The Role of Folklore Studies in Society and the Academy
Folklore names both a popular concept and an academic discipline. While as a popular concept, folklore may be associated with nostalgia, triviality, and error, folklore as an academic discipline is concerned with the role of vernacular cultural forms and practices in the making of social life. Folklorists study how people construct for themselves (individually and collectively) a sense of a shared past, and membership in various communities. Folklorists investigate the changing expressions of historical and communal consciousness, in the mundane processes of everyday life as well as formal, stylized events that define and renew social identity. Whatever the scale or profile of the social phenomena under study, folklore draws on critical, social, and literary theory to understand the poetics and politics of ordinary life. Folklore focusses on particular transactions - material, verbal, or ritual - which are integral to overall processes usually viewed from greater distances.
Folklorists share methodological and theoretical interests and approaches with cultural anthropologists, social historians, sociologists, sociolinguists, material culture scholars, and scholars of various disciplines who engage with the vernacular. In general, folklore's practice of qualitative ethnography is distinguished by an ongoing dialogue with research subjects, and a commitment to non-covert research, which often leads to advocacy of marginalized groups. Because of this dialogue, which engages researchers and subjects in a process of collaborative meaning-making, folklorists' findings are often of interest to general audiences. Our findings tend to reflect upon and amplify peoples' daily experiences and the meanings they make from those, and we are therefore deeply implicated in the processes of self-definition we study.
This politics of proximity to and communication with our research subjects, and the public interest in folklore research shapes our professional mandate, and places folklorists on the front line of civic engagement through the humanities. Many who hold advanced degrees in folklore and folklife engage the work of cultural interpretation and administration in settings outside of the academy: in historical and art museums, public schools, local and regional historical and cultural societies, arts administration, planning and community development, public humanities, public libraries, parks, and nature centers, conflict resolution, professional facilitating, and the health professions.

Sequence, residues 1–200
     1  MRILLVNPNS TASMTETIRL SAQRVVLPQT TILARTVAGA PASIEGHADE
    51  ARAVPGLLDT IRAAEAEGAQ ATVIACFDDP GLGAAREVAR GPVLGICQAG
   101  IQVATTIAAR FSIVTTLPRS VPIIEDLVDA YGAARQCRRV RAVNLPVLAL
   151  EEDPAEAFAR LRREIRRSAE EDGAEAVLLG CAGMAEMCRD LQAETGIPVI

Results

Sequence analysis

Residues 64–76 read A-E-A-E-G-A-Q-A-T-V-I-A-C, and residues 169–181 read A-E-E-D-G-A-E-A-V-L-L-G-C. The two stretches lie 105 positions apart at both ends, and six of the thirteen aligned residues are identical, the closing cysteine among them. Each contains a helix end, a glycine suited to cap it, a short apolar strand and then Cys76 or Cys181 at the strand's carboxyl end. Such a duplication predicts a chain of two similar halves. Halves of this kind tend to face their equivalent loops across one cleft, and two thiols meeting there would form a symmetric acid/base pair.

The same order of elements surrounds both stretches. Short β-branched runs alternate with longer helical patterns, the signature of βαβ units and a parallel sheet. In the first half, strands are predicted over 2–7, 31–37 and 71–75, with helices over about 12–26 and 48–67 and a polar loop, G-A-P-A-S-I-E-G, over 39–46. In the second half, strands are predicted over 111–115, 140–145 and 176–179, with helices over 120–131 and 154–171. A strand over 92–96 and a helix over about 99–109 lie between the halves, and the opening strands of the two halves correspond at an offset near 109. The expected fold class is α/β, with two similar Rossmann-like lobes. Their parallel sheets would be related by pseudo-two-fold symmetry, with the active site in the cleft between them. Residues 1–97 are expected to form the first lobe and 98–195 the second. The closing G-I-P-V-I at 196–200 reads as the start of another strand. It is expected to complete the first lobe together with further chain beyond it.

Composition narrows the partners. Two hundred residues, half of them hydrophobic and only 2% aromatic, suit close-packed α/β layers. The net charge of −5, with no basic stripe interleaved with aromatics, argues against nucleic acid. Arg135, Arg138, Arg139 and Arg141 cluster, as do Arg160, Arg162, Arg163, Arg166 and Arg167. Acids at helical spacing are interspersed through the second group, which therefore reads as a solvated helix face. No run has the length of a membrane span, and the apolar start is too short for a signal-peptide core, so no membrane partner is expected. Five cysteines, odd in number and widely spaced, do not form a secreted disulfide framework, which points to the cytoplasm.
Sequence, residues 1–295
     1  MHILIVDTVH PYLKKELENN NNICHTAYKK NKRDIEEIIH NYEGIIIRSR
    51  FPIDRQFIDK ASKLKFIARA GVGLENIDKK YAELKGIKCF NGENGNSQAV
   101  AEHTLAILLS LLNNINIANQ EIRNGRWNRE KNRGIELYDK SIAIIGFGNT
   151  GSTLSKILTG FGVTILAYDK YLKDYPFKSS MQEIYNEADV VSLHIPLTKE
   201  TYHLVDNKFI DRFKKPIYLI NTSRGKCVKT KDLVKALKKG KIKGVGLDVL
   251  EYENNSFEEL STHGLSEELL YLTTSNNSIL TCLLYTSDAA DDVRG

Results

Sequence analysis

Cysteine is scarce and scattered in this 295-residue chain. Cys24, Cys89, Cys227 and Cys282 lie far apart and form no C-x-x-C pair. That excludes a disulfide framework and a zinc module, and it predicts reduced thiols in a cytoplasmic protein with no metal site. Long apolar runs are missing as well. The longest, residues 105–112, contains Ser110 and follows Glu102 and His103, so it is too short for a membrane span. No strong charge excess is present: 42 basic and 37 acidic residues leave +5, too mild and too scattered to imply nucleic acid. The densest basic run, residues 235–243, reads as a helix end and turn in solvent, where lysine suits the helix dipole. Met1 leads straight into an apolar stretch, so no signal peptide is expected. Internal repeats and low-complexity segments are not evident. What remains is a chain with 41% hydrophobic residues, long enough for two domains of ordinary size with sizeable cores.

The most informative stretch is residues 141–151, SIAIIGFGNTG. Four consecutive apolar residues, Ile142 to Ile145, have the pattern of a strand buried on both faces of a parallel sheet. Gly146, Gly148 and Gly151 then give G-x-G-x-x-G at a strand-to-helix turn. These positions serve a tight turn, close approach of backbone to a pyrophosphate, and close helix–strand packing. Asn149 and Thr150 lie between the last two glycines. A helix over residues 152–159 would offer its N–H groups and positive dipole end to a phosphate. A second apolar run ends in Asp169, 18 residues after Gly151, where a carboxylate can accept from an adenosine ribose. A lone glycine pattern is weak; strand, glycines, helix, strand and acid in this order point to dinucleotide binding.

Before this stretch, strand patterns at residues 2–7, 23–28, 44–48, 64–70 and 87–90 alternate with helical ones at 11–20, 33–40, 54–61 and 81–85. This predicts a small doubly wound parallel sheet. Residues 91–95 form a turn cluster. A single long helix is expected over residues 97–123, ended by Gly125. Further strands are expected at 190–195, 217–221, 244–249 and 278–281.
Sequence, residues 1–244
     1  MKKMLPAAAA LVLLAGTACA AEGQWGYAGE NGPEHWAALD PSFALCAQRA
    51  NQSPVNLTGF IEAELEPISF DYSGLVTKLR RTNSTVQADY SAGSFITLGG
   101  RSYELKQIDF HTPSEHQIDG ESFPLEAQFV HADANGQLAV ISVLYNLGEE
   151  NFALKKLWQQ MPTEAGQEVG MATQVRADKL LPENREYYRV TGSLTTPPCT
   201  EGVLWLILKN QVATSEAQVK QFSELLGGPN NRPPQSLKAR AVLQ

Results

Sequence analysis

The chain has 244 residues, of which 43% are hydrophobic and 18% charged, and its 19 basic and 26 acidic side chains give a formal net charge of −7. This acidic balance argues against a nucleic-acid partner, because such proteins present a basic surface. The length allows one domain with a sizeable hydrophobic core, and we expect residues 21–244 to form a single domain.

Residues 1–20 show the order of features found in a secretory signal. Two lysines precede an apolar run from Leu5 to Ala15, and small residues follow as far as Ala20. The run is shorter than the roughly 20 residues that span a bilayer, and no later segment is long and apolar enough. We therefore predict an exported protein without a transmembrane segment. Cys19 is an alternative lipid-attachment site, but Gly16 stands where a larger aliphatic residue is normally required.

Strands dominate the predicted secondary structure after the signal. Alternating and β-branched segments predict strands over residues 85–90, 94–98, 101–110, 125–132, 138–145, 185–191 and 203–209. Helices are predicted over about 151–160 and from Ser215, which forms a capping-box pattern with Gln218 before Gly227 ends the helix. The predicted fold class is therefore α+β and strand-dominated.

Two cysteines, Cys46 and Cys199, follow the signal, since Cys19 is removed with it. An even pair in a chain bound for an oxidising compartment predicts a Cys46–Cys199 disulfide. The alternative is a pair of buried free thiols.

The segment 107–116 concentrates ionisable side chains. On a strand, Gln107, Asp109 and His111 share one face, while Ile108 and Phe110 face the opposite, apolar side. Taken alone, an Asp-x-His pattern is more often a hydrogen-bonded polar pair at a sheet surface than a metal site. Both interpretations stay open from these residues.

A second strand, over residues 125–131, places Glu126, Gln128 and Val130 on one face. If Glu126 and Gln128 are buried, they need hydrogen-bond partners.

In recent decades the concept of community has become increasingly central to the study of folklore and its applications. This idea encompasses not only local, regional, or ethnically-rooted patterns of association, but patterns grounded in professions and work places, or other social niches (for example, the cultures of medicine and law, of the deaf community, or of tourism and its sites) that appear as distinctive subcultures within complex institutions. Folklorists' critical-interpretive training and documentary skills are well-suited to the study of informal group communication and its function within complex institutions and social settings. Folklore study is motivated not by nostalgia (which folklorists study as a social force), but rather by an interest in understanding emergent social institutions through detailed attention to the forms of social communication that ground them.
- Adapted from the 1993 Mission Statement for the Graduate Group in the Department of Folklore and Folklife, University of Pennsylvania
For a history of the study of Folklore and Folklife at the University of Pennsylvania, see the article published by Rosina Miller, a recent graduate of our program: Of Politics, Disciplines, and Scholars: MacEdward Leach and the Founding of the Folklore Program at the University of Pennsylvania (The Folklore Historian 21: 17-34).
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